The "Spiral of Silence" theory also contains a clue as to who or which segment of society plays a decisive role in leading to a change in the climate of opinion: these are the young educated males (Scheufele 2008) (4). Compared to other sections of society, young educated males show less inhibition in expressing their view in public and exhibit less apprehension of being isolated even if their views were not to be shared by the majority. In the context of Nepal, where the young men are also likely to be the first generation of educated individuals in their households and in their communities, it is very likely that these young individuals would be self-assured in their convictions. As "avant-garde" (as this group is designated by Noelle-Neumann) propounding strong ideological beliefs, it is the young, educated males that initiate shifts in the public opinion barometer.
Politics between 2004 and 2008 and Major Opinion Poll Findings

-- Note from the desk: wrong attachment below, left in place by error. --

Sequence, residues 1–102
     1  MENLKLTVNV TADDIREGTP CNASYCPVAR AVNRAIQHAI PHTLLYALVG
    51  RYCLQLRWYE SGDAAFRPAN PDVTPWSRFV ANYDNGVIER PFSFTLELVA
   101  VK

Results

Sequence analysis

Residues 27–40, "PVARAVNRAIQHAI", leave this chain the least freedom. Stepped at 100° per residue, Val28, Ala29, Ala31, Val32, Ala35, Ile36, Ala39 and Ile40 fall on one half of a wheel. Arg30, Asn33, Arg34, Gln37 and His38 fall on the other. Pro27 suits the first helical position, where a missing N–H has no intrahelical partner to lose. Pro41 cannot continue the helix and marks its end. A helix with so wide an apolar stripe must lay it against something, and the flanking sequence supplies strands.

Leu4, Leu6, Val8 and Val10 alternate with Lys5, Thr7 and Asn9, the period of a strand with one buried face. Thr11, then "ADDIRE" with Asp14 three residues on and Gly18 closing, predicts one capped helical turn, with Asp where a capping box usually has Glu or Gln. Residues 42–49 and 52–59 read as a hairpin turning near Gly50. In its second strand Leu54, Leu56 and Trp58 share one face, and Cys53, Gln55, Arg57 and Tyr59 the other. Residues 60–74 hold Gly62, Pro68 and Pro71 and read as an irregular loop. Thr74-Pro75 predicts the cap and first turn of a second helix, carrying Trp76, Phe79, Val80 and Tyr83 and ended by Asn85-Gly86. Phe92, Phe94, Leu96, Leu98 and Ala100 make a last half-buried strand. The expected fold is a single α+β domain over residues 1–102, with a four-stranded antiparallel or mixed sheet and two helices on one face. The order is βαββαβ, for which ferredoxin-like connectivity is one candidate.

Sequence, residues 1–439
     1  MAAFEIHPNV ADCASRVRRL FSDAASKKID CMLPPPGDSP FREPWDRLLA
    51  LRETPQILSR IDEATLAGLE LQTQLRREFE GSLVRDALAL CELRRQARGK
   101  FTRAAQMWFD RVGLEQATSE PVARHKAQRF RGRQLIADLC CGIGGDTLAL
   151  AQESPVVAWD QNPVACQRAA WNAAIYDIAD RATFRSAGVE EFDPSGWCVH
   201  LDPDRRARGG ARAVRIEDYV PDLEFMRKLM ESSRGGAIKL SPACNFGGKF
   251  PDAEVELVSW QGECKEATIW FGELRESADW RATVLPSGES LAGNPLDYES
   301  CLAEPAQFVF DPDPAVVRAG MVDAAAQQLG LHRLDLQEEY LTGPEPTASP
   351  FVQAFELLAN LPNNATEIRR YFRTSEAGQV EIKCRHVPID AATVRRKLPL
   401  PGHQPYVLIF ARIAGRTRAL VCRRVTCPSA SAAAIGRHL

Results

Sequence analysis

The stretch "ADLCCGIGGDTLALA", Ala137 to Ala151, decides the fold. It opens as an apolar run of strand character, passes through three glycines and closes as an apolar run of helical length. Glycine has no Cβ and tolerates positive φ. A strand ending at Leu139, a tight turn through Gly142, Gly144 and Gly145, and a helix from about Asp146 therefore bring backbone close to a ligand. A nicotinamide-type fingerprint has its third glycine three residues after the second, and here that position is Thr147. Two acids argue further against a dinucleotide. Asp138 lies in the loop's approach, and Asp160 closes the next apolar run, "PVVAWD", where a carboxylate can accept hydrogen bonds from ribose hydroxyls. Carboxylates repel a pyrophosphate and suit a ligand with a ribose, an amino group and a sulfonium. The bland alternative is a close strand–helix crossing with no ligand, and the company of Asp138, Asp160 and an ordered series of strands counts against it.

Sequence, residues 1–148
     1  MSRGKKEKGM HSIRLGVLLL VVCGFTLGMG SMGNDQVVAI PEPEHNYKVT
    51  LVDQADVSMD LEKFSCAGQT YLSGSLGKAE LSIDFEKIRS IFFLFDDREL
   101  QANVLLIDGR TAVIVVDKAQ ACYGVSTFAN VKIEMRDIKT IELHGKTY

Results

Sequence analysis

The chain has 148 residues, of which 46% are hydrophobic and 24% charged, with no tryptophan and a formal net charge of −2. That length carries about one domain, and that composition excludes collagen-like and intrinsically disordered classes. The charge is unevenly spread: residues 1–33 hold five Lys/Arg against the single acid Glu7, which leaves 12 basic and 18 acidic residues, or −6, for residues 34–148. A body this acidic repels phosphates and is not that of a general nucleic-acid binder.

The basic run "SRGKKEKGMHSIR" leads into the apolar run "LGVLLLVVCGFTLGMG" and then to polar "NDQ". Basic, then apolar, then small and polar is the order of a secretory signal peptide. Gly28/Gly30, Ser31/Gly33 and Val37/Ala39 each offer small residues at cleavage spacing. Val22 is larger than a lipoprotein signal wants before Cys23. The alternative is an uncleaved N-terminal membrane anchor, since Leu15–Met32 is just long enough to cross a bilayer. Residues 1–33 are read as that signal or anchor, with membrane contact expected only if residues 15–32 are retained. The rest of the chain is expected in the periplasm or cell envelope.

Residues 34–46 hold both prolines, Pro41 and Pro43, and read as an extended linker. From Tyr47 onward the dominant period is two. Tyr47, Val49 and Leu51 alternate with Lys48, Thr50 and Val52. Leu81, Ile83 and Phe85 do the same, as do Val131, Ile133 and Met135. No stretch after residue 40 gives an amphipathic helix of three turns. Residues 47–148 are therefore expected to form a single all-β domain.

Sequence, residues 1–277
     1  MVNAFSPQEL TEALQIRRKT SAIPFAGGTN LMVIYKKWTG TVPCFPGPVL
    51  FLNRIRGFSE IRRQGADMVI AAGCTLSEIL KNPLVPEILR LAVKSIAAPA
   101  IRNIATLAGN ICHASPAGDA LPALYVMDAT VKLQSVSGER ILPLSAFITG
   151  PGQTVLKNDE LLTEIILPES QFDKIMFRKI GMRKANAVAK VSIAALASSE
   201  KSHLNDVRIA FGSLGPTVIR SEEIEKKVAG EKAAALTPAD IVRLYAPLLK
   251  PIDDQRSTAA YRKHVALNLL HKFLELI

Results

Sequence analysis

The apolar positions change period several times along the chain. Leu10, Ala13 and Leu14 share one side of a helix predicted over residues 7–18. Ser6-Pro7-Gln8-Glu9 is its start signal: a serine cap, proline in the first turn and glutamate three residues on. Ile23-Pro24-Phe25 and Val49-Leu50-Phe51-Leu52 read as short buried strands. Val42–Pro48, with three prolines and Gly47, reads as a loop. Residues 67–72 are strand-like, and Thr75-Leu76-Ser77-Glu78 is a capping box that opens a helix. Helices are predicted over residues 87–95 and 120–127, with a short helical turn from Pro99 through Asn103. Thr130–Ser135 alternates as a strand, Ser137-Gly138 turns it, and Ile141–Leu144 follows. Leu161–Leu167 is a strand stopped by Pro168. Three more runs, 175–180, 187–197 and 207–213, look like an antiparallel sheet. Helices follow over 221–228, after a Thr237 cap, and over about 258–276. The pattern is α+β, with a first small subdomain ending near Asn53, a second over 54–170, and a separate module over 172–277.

After October 2002, Nepal entered into a constitutional crisis and political turmoil. The country since the …
Questia, a part of Gale, Cengage Learning. www.questia.com
Publication information: Article title: Measuring Opinion in Times of Transition: Politics and Public Opinion in Nepal between 2004 and 2008. Contributors: Sharma, Sudhindra - Author, Sen, Pawan Kumar - Author. Journal title: Contributions to Nepalese Studies. Volume: 37. Issue: 2 Publication date: July 2010. Page number: 191+. © 2008 Research Centre for Nepal and Asian Studies. COPYRIGHT 2010 Gale Group.
This material is protected by copyright and, with the exception of fair use, may not be further copied, distributed or transmitted in any form or by any means.